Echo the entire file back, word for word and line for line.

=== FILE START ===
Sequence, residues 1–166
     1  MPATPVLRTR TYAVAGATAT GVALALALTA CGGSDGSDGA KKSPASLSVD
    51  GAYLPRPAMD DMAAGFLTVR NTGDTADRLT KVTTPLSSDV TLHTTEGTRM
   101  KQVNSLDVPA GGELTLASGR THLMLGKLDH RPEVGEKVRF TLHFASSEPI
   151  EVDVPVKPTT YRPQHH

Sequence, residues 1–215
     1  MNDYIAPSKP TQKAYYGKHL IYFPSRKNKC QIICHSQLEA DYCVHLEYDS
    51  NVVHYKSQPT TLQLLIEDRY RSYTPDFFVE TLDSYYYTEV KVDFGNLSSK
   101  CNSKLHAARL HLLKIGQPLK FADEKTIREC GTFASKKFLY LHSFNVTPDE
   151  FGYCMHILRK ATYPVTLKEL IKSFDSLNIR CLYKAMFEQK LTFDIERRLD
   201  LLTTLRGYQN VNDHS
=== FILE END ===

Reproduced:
Sequence, residues 1–166
     1  MPATPVLRTR TYAVAGATAT GVALALALTA CGGSDGSDGA KKSPASLSVD
    51  GAYLPRPAMD DMAAGFLTVR NTGDTADRLT KVTTPLSSDV TLHTTEGTRM
   101  KQVNSLDVPA GGELTLASGR THLMLGKLDH RPEVGEKVRF TLHFASSEPI
   151  EVDVPVKPTT YRPQHH

Sequence, residues 1–215
     1  MNDYIAPSKP TQKAYYGKHL IYFPSRKNKC QIICHSQLEA DYCVHLEYDS
    51  NVVHYKSQPT TLQLLIEDRY RSYTPDFFVE TLDSYYYTEV KVDFGNLSSK
   101  CNSKLHAARL HLLKIGQPLK FADEKTIREC GTFASKKFLY LHSFNVTPDE
   151  FGYCMHILRK ATYPVTLKEL IKSFDSLNIR CLYKAMFEQK LTFDIERRLD
   201  LLTTLRGYQN VNDHS